- Bible reliabilty
- Jesus' divinity
- Mary Magdalene
Annoyingly I had to buy another copy of the novel because I had left my previous copy in a holiday apartment somewhere in the world.
More on the issues raised by the film over the weeks, but for now, this. My friend Mark Stibbe, now Rev'd Dr and very gifted scholar, academic and popular communicator has produced a DVD of his lecture on the book, which he was giving regularly in late 2004 early 2005, to much acclaim.
In this he examines some of the premises Dan Brown makes. Again, more on this in the sermon series. The thing I noticed, and don't think I have seen put quite so bluntly before is this. Mark says there are three attitudes to truth we can identify, since the Gospels were written.
Pre-modernist attitude - truth is absolute
Modernist attitude - truth is relative
Post-modernist attitude - truth is created
In other words attitude to truth changes, although perhaps it changes so slowly that it is hard to notice from the perspective of but one lifetime.
This rings true. Pre-modernists made you refute or burn if you denied the perceived 'absolute' truth, especially in areas of theology or natural philosophy (which was what science was called before the nineteenth century).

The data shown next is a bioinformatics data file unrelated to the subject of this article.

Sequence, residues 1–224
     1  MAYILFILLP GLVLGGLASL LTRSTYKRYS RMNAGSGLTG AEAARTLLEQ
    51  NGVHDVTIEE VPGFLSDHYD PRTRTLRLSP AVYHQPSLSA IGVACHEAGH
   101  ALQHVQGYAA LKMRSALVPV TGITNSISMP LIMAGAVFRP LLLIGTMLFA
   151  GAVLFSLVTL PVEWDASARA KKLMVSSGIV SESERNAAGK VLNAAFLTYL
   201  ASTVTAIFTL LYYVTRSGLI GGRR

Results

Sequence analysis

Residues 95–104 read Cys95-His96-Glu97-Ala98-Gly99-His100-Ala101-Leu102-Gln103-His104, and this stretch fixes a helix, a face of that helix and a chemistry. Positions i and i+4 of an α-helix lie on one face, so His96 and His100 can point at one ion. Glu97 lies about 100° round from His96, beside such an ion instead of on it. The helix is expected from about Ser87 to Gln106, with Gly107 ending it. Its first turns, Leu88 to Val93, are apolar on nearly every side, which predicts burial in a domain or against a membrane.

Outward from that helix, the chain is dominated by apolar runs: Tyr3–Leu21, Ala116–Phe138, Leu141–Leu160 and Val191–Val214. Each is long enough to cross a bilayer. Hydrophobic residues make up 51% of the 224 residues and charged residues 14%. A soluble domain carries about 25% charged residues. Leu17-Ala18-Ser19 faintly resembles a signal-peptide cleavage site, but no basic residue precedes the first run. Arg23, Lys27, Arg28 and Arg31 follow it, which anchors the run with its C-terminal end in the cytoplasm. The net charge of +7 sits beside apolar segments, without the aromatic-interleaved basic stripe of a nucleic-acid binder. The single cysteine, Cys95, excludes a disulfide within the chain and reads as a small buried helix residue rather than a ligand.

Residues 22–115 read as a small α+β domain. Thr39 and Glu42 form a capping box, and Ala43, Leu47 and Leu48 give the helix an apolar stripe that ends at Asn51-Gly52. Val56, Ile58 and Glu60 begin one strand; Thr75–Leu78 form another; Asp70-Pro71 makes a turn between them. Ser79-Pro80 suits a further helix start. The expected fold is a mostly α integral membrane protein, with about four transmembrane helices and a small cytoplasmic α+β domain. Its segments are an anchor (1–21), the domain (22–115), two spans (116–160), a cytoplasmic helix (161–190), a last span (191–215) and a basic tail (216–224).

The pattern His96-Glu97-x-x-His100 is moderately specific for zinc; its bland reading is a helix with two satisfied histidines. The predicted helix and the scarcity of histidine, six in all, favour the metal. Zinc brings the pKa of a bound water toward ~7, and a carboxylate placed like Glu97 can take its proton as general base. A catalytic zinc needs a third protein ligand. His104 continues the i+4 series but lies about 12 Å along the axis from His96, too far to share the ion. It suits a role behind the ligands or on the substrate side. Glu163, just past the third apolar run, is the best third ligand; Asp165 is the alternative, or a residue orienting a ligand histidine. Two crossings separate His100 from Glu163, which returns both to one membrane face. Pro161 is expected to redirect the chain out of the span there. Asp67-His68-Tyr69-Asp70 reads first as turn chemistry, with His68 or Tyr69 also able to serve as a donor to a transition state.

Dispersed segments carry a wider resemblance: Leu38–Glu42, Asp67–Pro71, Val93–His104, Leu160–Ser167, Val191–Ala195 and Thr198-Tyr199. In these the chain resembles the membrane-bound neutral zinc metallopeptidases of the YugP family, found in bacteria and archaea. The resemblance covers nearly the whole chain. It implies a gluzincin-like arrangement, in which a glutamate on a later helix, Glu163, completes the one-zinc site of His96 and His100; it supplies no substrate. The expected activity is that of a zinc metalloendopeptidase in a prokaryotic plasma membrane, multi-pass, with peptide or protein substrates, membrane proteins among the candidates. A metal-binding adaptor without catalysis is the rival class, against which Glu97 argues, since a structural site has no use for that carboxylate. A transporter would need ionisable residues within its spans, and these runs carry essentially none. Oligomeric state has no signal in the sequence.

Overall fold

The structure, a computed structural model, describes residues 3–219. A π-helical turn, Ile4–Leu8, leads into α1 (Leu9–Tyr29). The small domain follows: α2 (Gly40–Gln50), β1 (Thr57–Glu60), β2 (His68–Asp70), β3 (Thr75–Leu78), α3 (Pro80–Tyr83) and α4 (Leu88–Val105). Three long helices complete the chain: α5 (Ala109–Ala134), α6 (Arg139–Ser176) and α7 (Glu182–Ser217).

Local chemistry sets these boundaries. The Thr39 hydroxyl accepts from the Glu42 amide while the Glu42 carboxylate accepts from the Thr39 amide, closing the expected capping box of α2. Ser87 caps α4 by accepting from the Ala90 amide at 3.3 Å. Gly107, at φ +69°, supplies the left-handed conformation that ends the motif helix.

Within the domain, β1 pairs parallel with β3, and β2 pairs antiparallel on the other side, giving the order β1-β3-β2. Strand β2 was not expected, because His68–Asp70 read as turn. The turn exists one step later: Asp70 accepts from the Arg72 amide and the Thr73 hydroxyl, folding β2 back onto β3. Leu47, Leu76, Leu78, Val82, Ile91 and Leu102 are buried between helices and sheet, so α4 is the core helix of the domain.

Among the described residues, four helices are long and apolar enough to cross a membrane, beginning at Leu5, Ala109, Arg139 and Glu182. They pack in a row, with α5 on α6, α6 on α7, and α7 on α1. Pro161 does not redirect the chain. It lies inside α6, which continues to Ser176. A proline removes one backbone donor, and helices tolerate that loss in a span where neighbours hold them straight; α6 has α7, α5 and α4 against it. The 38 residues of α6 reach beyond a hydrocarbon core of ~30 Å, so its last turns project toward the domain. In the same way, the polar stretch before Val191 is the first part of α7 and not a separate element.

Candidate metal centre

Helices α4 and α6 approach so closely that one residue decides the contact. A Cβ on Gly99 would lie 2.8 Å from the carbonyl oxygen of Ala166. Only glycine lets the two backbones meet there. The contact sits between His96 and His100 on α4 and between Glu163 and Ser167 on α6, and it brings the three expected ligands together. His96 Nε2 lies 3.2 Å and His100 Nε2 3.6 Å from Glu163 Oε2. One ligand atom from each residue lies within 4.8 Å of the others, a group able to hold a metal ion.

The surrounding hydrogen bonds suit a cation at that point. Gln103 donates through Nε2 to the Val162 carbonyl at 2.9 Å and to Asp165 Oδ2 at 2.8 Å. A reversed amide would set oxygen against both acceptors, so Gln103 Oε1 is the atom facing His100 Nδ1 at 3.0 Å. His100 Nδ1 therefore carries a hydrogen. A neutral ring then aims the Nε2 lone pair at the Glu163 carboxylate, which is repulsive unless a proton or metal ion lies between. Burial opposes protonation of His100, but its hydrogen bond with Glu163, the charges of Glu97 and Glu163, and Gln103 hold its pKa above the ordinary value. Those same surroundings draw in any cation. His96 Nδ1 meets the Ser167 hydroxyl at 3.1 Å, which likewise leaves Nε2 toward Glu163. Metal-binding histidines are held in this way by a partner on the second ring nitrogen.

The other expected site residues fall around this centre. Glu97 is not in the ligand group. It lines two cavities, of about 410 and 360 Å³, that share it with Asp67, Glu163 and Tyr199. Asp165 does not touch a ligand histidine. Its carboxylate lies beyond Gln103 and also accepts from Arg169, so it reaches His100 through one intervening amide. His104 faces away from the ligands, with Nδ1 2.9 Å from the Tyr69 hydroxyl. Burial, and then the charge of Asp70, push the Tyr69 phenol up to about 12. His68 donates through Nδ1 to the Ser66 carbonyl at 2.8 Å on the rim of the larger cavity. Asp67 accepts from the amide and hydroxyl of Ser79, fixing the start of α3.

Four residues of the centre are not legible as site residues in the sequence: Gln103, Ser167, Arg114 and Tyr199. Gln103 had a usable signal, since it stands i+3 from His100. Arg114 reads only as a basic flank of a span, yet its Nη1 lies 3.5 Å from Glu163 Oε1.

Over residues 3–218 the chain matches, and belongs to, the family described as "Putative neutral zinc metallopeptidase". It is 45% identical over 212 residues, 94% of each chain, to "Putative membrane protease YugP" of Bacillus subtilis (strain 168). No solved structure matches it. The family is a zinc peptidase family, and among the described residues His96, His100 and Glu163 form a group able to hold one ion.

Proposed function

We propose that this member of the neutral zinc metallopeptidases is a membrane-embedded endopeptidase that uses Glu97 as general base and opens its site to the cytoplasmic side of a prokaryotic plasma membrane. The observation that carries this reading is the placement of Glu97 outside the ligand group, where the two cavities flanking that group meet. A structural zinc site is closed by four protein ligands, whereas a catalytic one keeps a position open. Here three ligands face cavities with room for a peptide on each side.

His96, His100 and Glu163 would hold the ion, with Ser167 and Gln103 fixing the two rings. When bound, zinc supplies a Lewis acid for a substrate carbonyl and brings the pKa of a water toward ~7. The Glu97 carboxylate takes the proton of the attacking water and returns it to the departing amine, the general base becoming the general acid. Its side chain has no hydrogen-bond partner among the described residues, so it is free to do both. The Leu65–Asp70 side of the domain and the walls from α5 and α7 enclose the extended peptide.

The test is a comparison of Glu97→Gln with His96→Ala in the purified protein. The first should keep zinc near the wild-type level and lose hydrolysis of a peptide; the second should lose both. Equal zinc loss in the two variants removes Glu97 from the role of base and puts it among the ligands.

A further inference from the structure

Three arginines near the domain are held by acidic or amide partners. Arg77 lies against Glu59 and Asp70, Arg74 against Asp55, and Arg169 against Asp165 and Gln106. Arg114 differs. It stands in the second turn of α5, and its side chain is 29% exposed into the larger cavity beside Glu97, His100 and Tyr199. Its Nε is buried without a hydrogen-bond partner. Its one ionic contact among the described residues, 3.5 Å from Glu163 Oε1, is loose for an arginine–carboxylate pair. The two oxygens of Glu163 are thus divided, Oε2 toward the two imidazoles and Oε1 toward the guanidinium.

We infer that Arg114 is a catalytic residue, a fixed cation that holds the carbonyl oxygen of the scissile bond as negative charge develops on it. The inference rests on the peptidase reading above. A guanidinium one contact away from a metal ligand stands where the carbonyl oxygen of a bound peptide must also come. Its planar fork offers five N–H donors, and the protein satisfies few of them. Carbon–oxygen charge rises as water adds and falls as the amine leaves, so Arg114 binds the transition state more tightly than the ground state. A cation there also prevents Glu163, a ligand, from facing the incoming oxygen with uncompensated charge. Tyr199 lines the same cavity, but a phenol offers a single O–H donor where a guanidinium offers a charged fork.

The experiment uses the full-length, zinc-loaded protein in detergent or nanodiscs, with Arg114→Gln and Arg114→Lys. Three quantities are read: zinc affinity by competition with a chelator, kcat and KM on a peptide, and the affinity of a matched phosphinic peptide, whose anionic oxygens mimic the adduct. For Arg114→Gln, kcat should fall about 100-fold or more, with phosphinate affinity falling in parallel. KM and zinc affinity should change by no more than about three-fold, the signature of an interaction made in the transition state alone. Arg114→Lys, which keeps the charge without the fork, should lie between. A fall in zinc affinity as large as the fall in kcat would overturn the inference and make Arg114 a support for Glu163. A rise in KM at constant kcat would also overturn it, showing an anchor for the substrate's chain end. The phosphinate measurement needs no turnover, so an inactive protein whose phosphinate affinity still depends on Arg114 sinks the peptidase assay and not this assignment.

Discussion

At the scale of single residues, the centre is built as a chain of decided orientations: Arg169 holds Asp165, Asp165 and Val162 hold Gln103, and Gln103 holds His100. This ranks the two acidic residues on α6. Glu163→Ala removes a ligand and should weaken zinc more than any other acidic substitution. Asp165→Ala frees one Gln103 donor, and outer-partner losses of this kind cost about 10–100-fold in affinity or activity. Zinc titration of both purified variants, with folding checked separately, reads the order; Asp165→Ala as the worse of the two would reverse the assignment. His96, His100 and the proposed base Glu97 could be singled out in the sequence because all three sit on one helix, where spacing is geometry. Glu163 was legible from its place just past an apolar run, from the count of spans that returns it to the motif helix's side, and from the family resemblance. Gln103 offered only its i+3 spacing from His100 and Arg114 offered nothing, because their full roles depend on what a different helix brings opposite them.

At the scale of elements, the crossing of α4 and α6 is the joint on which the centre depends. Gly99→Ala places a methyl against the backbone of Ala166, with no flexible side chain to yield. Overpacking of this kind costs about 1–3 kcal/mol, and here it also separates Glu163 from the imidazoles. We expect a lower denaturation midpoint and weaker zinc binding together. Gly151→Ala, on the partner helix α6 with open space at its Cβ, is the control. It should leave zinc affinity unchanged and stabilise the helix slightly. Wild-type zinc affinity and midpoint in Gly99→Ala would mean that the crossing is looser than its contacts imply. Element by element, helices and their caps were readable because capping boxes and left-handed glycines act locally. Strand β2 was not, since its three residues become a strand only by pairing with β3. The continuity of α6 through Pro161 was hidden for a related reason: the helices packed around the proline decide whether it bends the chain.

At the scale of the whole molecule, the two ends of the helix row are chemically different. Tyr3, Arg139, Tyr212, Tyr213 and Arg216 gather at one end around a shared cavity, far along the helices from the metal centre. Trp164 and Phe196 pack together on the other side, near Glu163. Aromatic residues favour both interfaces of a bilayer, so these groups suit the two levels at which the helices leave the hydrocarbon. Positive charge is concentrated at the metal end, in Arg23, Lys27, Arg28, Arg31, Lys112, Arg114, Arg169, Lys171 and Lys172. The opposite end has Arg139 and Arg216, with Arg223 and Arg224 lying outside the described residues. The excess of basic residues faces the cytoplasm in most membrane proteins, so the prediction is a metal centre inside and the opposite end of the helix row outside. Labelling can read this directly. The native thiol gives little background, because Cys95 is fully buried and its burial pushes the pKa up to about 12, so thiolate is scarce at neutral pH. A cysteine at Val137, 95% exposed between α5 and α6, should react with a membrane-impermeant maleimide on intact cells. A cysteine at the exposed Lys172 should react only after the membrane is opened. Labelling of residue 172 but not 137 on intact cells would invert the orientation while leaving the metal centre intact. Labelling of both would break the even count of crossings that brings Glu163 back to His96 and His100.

The modernist attitude, much discussed, was that truth was all relative. This has been largely discredited. You can't say 'I am absolutely convinced all truth is relative.' It's a non sequitur. You cannot, as Nick Pollard has put it, stand in the middle of the road and say, 'I refuse to take this oncoming bus into my sphere of truth and ultimate reality.' Well you can, but not for long.
So what of this post-modernist attitude - we create truth? Certainly our Prime Minister does it. With him, I have heard it said, the future is always certain; it is only the past that changes. I don't think he is capable of living with the concept of a lie. The closest we get is that everyone thought it was the truth at the time so it was, effectively, true for us.
So our cultural make-up is to construct truth. We make a version of the world we can know and live with. And that means we love the idea that something which people have thought to be true for ages is a conspiracy. We love the idea that we have uncovered the truth. The truth is out there. This is my truth; tell me yours.
It means that a movie maker feels able to say 'based on a true story' in almost all circumstances. Stibbe tells us that when the Coen Brothers made that claim for Fargo it started a treasure rush for the alleged buried cash. This led to at least one fatality. There was no cash. It wasn't that sort of truth. Somehow all fiction is based on truth or we wouldn't recognise the scenarios.
Stand-up comedians have, for years, told us stories that were 'true'. Not because they were but because they were exaggerated truth, they 'could have happened' or simply to get attention.
Dan Brown says his story is fiction but the facts are true. 'All descriptions of artwork, architecture, documents and secret rituals in ths novel are accurate.'
Let's see if we can construct some common threads of truth out of all this then. Should be fun.
And as he reached the end of the post he suddenly realised the truth. And it terrified him more than anything had ever terrified him his whole life.